Johnny, Jackie, and the Three Little Inflatable Pigskins in Skiptrace.
This week’s column celebrates the opening of Action Point (and my interview with Johnny Knoxville) with a trio of non-Jackass related titles. All three available for rent on Amazon.
Trailer for The Ringer
The Ringer (2005)
After Jackass: The Movie hit big, Knoxville went to work, determined to be the first of his troop of addlepated daredevils to become a household name. And after he lent strong support to several features, The Ringer was poised to prove to the world his ability to carry a narrative comedy. In it, a gangster (Brian Cox) convinces his debt-ridden nephew (Knoxville) to go undercover and rig the Special Olympics. Before you start shaking your head: the production was made with the organization’s blessing, and those who’ve seen it invariably walk away, if not impressed, then at least not offended. By its very nature, Jackass had no room for pathos, yet the biggest reveal in The Ringer is Knoxville’s ability to handle the sentiment, a trait that would later prove useful in Skiptrace. But this was hardly the place for romantic complications, as evidenced by the flirtation struck between our Special Olympian impersonator and his comely tournament organizer (Katherine Heigl). Fairy tale intrigue notwithstanding, a steady stream of laughs await.
Trailer for Fun Size
Fun Size (2012)
Here’s one that seeks out and encourages insensitive behavior in its viewers. Instead of going to a hot boy’s Halloween party, Wren (Victoria Justice) is ordered to take her 8-year-old, bonbon-eating bon vivant brother Albert (Jackson Nicoll, the brawny tyke who would later appear opposite Knoxville in Bad Grandpa) trick or treating. Knoxville’s cameo as a jackass with a blond mullet makes his work in The Ringer look like something out of Chekov. And speaking of Tony C., fans of Russian drama won’t leave hungry: if in the second act you have an Asian nerd dressed as Aaron Burr and carrying a loaded musket, then in the following one it should be fired. Produced by Nickelodeon Films, this politically incorrect teen comedy — as close to an R-rating as PG-13 gets — couldn’t possibly air unedited on its parent cable channel. That probably accounts for why I frequently caught myself laughing out loud.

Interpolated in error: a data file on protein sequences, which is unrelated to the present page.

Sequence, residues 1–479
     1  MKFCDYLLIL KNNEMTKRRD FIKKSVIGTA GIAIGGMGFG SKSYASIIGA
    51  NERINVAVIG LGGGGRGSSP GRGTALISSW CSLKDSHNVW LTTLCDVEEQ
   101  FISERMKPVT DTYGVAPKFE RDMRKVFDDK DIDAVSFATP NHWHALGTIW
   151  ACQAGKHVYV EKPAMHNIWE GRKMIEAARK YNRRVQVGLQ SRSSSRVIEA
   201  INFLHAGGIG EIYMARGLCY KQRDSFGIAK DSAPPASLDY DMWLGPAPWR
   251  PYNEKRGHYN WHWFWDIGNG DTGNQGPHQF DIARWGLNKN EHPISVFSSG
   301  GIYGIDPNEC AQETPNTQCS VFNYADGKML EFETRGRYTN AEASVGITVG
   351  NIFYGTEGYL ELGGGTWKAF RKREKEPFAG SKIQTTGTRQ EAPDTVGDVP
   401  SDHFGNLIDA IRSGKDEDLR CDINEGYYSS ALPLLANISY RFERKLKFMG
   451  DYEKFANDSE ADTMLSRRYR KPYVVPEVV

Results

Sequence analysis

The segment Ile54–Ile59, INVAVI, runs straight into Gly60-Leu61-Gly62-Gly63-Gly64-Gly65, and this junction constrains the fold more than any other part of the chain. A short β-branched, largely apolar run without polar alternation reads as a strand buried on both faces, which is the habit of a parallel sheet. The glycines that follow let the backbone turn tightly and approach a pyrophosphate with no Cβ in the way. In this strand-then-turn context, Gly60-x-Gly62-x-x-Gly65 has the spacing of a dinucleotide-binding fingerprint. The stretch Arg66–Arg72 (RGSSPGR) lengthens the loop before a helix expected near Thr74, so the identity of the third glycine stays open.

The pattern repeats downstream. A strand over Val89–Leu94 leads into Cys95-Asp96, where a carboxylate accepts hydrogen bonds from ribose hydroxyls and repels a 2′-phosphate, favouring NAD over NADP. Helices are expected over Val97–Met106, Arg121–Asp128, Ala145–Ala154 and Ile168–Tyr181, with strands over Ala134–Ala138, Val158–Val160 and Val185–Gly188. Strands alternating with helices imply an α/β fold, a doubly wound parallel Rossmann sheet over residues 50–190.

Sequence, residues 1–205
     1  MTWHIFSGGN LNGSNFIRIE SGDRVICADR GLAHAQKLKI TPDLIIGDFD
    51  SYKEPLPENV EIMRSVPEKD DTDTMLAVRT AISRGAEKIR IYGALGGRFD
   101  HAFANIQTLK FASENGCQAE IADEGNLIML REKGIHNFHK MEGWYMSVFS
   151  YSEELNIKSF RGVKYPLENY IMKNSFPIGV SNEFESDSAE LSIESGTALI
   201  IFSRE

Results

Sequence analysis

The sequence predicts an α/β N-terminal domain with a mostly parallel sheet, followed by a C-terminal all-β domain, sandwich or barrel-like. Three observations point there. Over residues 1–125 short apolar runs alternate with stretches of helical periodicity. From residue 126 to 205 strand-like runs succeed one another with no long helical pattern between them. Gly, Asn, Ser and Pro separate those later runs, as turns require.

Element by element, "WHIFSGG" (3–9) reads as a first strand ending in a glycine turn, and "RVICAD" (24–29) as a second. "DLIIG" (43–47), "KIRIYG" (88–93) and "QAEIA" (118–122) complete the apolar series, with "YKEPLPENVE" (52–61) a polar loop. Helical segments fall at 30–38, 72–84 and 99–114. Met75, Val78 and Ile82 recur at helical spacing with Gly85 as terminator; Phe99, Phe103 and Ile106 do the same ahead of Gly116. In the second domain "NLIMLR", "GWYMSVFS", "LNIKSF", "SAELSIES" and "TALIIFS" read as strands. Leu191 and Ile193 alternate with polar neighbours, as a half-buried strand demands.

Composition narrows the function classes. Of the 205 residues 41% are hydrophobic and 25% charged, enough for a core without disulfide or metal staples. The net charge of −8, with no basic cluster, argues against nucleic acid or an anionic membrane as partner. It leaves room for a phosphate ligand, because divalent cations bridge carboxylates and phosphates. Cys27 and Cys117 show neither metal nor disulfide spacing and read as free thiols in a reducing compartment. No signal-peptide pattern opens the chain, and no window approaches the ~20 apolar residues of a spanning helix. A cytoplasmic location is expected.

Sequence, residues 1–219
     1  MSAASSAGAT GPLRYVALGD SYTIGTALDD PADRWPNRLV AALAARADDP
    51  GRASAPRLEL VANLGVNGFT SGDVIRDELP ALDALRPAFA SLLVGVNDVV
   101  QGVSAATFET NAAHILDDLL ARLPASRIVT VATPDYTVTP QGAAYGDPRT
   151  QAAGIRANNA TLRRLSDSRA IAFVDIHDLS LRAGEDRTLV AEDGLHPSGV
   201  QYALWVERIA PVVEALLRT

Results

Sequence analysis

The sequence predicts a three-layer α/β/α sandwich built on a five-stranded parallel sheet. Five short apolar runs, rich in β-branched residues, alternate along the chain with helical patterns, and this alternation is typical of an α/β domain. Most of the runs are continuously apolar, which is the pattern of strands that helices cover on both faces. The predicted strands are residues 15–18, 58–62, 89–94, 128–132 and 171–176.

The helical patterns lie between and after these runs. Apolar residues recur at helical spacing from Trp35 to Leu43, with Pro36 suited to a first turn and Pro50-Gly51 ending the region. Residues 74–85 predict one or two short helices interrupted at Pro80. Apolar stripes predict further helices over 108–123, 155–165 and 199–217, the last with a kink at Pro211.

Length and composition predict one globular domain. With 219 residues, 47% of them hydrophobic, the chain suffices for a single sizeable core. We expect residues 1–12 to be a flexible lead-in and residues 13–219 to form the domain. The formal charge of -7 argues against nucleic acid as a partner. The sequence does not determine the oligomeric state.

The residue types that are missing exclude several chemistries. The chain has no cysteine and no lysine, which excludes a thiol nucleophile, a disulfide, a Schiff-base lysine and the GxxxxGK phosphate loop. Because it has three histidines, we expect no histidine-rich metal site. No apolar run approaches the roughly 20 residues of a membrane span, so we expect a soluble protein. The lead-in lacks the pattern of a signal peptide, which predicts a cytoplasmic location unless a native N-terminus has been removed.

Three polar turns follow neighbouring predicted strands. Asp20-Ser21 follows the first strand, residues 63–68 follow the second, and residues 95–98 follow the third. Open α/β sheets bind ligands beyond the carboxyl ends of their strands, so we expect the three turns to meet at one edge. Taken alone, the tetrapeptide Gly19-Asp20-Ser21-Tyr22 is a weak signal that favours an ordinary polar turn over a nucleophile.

Trailer for Skiptrace
A gambling cheat (Knoxville), banned from playing in American casinos, helps a sadder and wiser Hong Kong cop (Jackie Chan) hunt down a mob boss who operates under the pseudonym The Matador. When shrill joke-spinner Chris Tucker teamed with Chan, their poles-apart combination made such a worldwide splash that it spawned a pair of well-paying sequels. When professional tumbler/tummler Johnny met Jackie, the pairing barely saw the arclight of day in American multiplexes. Too bad, because I’ll take this over all the Rush Hour pictures combined. And don’t forget the long dormant director Renny Harlin (Die Hard 2, Cutthroat Island), hoping this might be his big comeback. Chan wrote the story, and though it’s admittedly not an example of the director or either actor in their prime, the avalanche gags and a posteriori stunt work — an encounter between Chan and a Russian nesting doll had me reaching for the remote to hit rewind — make for a rollicking good time.